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Genes in the B3GT gene family provide instructions for making enzymes that act as glycosyltransferases. Glycosyltransferases modify proteins by adding sugar molecules at specific locations through a process called glycosylation. These sugar molecules can be added directly to a protein or to other sugars already attached to the protein, forming sugar structures. Glycosylation plays an important role in protein function and can give proteins the ability to perform a wider variety of functions. If many sugars are involved, multiple glycosyltransferases are needed to complete the process of glycosylation on one protein.
Mutations in genes in the B3GT gene family disrupt the process of glycosylation and lead to conditions with a wide variety of signs and symptoms. For example, mutations in the B3GALTL gene cause a condition called Peters plus syndrome, which is characterized by eye abnormalities, short stature, intellectual disability, and distinctive facial features. It is unclear how the gene mutations lead to these features, but impaired glycosylation likely disrupts the function of many proteins, which may contribute to the varied signs and symptoms of Peters plus syndrome.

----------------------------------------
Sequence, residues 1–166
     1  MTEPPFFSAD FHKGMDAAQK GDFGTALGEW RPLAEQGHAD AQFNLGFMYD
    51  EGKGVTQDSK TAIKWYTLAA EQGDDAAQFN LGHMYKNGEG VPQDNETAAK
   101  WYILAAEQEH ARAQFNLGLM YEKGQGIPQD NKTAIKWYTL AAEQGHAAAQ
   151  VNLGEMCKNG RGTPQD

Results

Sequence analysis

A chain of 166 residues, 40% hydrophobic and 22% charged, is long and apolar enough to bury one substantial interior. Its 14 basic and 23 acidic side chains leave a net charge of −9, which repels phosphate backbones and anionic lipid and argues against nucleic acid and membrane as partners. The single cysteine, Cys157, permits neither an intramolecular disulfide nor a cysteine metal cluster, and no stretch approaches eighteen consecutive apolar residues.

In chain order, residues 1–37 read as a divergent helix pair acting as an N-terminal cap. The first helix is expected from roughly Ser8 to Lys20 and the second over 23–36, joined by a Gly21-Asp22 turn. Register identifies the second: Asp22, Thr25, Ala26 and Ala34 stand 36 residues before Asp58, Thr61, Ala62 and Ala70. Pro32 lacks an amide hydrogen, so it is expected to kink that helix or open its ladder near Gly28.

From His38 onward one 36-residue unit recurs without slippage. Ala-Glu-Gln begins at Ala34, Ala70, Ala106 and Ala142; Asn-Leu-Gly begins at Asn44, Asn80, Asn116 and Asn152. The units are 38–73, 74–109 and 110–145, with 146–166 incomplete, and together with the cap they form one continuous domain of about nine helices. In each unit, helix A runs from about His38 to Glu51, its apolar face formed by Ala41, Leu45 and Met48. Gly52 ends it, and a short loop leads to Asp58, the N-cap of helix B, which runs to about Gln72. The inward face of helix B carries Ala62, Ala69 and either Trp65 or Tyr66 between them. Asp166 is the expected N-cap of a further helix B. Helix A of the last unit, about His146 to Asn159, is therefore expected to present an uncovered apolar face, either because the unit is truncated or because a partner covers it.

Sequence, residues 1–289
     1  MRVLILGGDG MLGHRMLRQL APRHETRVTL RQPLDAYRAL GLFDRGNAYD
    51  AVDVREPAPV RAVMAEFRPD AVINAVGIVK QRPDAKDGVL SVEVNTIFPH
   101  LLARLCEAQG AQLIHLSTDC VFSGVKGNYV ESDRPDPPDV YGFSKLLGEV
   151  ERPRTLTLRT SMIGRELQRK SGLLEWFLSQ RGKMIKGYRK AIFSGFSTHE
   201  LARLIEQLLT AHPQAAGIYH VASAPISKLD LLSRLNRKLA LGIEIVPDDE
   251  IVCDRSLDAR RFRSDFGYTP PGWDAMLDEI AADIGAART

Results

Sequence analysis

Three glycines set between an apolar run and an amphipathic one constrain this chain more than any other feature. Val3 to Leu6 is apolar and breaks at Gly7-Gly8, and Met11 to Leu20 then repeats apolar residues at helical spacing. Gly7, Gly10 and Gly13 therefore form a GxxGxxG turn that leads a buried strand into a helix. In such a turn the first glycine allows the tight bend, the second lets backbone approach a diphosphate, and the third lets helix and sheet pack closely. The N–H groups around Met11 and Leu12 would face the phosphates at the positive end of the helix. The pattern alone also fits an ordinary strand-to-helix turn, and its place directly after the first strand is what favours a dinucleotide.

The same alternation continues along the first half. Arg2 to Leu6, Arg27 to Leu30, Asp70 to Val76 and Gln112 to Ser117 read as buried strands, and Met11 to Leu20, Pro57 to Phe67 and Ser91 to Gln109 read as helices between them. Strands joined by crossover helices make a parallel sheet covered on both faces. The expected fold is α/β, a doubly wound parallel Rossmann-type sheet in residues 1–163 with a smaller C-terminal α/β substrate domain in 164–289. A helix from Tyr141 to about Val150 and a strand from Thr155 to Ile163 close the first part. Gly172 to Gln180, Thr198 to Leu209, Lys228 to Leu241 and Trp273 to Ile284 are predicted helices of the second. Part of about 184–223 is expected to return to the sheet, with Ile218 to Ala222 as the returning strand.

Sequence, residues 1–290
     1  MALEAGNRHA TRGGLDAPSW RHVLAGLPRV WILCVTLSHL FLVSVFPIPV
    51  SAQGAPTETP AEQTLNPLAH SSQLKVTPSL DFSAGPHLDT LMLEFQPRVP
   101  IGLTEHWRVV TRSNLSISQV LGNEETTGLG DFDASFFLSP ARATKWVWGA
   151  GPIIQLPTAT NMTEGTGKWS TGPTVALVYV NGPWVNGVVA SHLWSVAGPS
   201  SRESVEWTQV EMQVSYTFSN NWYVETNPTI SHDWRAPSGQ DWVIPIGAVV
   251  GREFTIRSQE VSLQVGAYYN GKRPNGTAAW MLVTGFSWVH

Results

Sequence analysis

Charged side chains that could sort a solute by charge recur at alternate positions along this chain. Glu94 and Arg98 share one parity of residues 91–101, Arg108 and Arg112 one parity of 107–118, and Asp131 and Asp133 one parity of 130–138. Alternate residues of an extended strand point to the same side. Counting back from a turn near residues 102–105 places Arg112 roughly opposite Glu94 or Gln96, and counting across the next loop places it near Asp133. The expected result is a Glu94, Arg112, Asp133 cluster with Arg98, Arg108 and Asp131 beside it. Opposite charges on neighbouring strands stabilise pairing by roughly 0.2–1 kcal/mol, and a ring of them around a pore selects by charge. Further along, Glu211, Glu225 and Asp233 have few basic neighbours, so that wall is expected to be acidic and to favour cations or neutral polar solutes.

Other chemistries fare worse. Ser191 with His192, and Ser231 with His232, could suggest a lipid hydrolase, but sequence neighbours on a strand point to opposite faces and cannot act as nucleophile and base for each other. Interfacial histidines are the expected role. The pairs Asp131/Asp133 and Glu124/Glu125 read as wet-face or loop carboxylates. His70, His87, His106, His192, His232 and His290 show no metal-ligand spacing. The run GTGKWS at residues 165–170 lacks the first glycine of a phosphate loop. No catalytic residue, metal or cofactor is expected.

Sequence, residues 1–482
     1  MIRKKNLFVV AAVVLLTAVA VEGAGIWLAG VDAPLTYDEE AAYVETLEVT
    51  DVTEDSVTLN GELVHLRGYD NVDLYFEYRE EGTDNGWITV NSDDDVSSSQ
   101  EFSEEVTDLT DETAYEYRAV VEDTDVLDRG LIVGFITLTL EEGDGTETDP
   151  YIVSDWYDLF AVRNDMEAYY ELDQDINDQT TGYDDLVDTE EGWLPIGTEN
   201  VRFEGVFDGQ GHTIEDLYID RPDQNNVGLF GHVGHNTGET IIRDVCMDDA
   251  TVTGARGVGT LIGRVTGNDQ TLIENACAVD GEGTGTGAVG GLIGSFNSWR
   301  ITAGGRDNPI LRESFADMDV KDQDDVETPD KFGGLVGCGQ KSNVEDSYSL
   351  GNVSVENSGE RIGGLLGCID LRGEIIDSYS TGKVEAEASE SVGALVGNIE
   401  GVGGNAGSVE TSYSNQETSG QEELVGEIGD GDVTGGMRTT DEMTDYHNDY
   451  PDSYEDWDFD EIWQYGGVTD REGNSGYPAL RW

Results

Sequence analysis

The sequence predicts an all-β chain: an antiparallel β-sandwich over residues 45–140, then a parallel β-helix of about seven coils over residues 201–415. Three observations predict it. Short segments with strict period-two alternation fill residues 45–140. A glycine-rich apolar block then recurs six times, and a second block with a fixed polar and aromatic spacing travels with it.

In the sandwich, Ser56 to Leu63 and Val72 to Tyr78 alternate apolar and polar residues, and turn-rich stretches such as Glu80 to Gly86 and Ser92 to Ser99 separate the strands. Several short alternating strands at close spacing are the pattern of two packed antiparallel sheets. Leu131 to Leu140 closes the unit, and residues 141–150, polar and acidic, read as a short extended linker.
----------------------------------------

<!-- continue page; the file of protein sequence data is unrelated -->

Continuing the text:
The HUGO Gene Nomenclature Committee (HGNC) provides an index of gene families (http://www.genenames.org/cgi-bin/genefamilies/) and their member genes.
Genetics Home Reference summarizes the normal function and health implications of these members of the B3GT gene family: B3GALTL and LFNG.
Genetics Home Reference includes these conditions related to genes in the B3GT gene family:
You may find the following resources about the B3GT gene family helpful.
disability ; fucose ; gene ; glycosylation ; linkage ; protein ; short stature ; stature ; syndrome
You may find definitions for these and many other terms in the Genetics Home Reference Glossary (/glossary).
These sources were used to develop the Genetics Home Reference summary for the B3GT gene family.
The resources on this site should not be used as a substitute for professional medical care or advice. Users seeking information about a personal genetic disease, syndrome, or condition should consult with a qualified healthcare professional. See How can I find a genetics professional in my area? (http://ghr.nlm.nih.gov/handbook/consult/findingprofessional) in the Handbook.